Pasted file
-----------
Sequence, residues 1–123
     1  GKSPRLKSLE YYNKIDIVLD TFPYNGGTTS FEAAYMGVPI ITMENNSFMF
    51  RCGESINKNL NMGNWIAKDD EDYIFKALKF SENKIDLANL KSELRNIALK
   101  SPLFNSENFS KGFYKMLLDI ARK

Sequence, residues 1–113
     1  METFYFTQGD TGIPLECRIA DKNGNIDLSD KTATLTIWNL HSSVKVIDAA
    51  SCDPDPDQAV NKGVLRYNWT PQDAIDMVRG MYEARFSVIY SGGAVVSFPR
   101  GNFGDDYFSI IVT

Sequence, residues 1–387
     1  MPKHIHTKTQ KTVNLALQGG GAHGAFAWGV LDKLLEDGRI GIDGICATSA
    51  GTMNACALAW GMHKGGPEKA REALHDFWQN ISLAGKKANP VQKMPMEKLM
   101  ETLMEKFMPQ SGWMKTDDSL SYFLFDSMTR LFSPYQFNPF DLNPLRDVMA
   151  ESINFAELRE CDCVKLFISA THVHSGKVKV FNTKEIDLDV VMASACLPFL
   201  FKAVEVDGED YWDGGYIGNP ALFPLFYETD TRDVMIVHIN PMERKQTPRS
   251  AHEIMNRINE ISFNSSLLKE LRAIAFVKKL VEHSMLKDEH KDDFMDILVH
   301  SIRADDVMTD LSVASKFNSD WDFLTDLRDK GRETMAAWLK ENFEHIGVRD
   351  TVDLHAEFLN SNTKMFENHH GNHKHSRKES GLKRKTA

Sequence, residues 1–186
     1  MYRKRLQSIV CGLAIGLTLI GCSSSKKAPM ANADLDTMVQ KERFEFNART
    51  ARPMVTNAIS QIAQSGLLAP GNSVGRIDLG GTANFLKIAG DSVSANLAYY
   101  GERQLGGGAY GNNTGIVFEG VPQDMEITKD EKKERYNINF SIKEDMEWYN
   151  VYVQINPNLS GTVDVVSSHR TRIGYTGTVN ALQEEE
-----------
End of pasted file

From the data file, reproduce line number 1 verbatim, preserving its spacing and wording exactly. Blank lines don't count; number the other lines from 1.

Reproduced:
Sequence, residues 1–123